- Trees, Big House Culture, and the Irish Literary Revival
It was with an adept understanding of his historical setting that James Joyce employed arboreal references in Ulysses to attack nationalist pretensions:
—As treeless as Portugal we’ll be soon, says John Wyse, or Heligoland with its one tree if something is not done to reafforest the land. Larches, firs, all the trees of the conifer family are going fast. I was reading a report of lord Castletown’s …
—Save them, says the citizen, the giant ash of Galway // and the chieftain elm of Kildare with a fortyfoot bole and an acre of foliage. Save the trees of Ireland for the future men of Ireland on the fair hills of Eire, O.1
Trees were similarly of great concern to the doyenne of the Irish Literary Revival, Lady Gregory. “Ireland, more than other countries, ought to be a country of trees,” she had written in an 1898 article on “Tree Planting” for George Russell’s weekly the Irish Homestead, “for the very letters of her alphabet are named after them.”2 Gregory thus suggested that Ireland’s forestry in the late nineteenth century was as much a matter of cultural identity as an economic resource, and that only the Irish tongue could properly recover her trees. For Gregory, deforestation was one of a parcel of forgotten national antiquities that could be revived in Ireland’s cultural memory; for Joyce, it was a symptom of English colonial exploitation. In his 1907 article “Home Rule Comes of Age,” he proposed that Irish self-governance should not be seen as an expense to the English taxpayer, “but rather a partial repayment of England’s debt to Ireland.” Joyce linked the financial question to the country’s limited woodlands: “the moral debt of the English government for not having seen to the reforestation of this disease-ridden swamp for over an entire century amounts to over 500 million francs.”3
Ireland’s plentiful supply of oak, Patrick Duffy asserts, “was as much a driving [End Page 65] force for British colonisation as other economic or political considerations,” leading to the destruction of “the most extensive woodlands.”4 Consequently, the Irish discourse surrounding trees and reforestation of the late nineteenth and early twentieth centuries has its roots in Irish colonial history, and that discourse emerged potently in literary texts that looked to the Irish landscape for narrative and meaning. It was a period of intense political discord. The last two decades of the nineteenth century witnessed aggressive agitation over land, as well as separatist nationalism that would challenge the status quo of the landed elite. In consequence, there was a revival in the discourse on landscape improvement in general, and estate improvement in particular.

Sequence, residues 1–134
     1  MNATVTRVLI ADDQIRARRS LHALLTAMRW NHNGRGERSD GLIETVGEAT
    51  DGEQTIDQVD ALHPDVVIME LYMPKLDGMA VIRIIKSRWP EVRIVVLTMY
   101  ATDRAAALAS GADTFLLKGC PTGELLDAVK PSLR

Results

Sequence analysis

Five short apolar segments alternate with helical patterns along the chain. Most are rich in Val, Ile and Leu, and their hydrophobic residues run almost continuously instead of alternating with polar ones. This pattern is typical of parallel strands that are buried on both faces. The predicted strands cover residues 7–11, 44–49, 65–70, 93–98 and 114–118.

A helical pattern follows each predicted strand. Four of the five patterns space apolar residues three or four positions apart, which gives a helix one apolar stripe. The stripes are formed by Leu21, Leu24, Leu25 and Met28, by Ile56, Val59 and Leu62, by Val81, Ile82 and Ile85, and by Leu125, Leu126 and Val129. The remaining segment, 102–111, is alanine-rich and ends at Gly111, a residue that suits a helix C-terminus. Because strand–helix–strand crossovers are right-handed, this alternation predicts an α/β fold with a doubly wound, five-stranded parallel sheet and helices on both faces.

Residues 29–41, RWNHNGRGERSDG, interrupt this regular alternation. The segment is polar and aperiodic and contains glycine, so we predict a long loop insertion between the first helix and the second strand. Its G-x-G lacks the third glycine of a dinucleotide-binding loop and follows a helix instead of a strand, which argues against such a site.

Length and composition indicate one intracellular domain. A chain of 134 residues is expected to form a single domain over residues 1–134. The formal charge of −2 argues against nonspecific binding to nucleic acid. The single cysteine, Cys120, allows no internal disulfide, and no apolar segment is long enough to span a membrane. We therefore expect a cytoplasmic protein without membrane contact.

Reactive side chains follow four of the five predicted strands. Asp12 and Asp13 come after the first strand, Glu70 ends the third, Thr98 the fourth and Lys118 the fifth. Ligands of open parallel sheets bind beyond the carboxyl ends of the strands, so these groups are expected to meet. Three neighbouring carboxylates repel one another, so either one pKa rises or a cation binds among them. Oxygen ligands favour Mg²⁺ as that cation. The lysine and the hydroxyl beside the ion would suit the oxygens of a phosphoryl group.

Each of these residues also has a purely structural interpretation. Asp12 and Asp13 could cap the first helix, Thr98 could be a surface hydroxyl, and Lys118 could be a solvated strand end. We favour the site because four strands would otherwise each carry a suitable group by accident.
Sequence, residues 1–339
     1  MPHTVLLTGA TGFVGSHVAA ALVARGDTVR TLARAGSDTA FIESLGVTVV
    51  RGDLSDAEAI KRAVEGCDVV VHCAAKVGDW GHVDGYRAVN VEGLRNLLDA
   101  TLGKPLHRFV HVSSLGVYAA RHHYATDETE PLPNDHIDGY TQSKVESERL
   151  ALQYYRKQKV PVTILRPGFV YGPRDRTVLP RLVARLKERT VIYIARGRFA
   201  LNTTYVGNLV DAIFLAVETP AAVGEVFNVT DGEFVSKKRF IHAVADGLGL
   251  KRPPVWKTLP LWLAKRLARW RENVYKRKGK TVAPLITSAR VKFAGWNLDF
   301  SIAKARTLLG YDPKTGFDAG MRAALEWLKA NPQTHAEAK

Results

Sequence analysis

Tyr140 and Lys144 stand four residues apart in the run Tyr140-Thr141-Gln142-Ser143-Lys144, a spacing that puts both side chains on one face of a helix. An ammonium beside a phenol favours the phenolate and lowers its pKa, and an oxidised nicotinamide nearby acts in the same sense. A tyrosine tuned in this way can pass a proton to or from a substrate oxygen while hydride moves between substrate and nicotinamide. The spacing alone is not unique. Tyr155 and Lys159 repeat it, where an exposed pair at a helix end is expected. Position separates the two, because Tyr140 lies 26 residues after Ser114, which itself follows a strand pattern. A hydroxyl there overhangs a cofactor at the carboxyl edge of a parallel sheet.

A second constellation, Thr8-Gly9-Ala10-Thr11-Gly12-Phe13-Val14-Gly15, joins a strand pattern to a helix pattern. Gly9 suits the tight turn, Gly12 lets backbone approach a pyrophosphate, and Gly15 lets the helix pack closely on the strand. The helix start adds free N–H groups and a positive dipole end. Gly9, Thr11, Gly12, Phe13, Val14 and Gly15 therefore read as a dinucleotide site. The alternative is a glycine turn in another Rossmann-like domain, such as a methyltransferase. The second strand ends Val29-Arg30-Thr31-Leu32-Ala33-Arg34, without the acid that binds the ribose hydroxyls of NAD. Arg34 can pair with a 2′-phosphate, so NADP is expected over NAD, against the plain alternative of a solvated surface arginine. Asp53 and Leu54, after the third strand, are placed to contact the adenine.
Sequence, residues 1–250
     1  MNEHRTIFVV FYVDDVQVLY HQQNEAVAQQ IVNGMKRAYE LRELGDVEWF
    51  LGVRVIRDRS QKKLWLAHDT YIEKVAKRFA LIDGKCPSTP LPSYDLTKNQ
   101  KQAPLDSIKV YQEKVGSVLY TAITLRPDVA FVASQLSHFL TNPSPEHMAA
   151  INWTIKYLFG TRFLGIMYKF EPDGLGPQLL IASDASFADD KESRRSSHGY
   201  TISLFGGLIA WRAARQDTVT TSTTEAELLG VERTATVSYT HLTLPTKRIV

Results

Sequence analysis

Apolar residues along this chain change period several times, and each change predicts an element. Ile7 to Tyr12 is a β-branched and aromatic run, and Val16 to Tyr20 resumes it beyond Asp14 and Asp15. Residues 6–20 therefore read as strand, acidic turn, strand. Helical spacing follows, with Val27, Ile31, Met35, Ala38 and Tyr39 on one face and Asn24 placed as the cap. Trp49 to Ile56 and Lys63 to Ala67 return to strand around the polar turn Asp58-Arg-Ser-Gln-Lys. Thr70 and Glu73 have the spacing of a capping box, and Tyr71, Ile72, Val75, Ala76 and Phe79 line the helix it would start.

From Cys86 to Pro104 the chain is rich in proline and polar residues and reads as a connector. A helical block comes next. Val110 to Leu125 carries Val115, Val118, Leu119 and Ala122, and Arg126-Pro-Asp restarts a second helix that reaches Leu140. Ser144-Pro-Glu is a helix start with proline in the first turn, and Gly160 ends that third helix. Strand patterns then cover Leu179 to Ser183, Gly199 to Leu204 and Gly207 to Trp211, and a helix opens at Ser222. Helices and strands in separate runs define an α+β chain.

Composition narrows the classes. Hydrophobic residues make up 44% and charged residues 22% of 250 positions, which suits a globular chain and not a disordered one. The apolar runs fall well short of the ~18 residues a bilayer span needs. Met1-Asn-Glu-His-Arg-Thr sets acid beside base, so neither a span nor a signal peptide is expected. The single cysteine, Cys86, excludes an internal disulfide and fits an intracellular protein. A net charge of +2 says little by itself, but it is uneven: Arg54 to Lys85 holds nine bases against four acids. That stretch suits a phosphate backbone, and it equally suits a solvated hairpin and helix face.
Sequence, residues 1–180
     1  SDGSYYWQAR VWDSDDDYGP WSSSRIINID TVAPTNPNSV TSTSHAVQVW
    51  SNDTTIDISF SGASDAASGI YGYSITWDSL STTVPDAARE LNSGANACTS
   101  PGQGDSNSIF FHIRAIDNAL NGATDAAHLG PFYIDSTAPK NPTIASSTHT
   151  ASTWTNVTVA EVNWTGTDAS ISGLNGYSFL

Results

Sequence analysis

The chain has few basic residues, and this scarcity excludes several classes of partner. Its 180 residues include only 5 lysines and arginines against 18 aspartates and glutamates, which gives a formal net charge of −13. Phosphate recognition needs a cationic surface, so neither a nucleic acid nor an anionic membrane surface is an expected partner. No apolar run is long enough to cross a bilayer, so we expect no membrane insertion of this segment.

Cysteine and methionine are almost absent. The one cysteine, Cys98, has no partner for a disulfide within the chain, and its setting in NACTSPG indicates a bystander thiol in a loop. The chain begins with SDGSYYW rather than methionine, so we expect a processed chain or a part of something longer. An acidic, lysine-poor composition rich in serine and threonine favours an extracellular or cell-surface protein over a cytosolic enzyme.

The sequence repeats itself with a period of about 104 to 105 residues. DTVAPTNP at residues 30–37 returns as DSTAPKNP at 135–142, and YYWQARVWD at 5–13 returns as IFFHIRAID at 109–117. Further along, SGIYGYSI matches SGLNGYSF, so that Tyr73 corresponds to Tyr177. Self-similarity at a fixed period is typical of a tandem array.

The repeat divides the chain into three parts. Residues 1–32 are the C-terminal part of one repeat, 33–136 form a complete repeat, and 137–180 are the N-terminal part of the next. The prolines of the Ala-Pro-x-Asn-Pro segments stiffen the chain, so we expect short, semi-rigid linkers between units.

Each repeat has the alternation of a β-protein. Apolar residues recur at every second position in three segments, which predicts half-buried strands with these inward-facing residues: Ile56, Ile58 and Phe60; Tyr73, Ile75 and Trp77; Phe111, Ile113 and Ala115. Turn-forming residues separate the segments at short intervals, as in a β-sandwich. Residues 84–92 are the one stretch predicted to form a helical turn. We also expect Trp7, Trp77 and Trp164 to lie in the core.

New tree plantations, encouraged by parliamentary intervention, were established and existing forests were protected from the eighteenth century onward. The acreage of woodland increased from 143,000 to an estimated 500,000 acres between 1791 and 1841.5 Samuel Lewis’s Topographical Dictionary (1837), the most extensive written survey of Ireland in the years immediately prior to the calamity of the Famine, contained several overviews of the countrywide attempt at woodland regeneration. Lewis commented extensively on both the loss of woodland under colonial exploitation and the attempts at private regeneration within newly planted demesnes. “The country,” he wrote,
in general is extremely deficient in timber. Its ancient forests have long since been cleared away; their only remaining traces are on the shores of some of the lakes; and not until lately have any general or enlarged exertions been made to reinvest the country with this useful and beautiful appendage. The only plantations are in the neighbourhood of the mansions of the nobility and gentry.6
The private woodlands revered by W. B. Yeats, Lady Gregory, Katharine Tynan, and, later, Elizabeth Bowen, had been artfully contrived from the 1750s in the naturalistic style of the English landscape architect Capability Brown, and estate managers were still laying out demesnes of Big Houses in this manner in the 1830s. Lewis repeatedly describes Irish plantations of the gentry as “thriving” and “flourishing,” calling attention to new growth.
And yet, already in...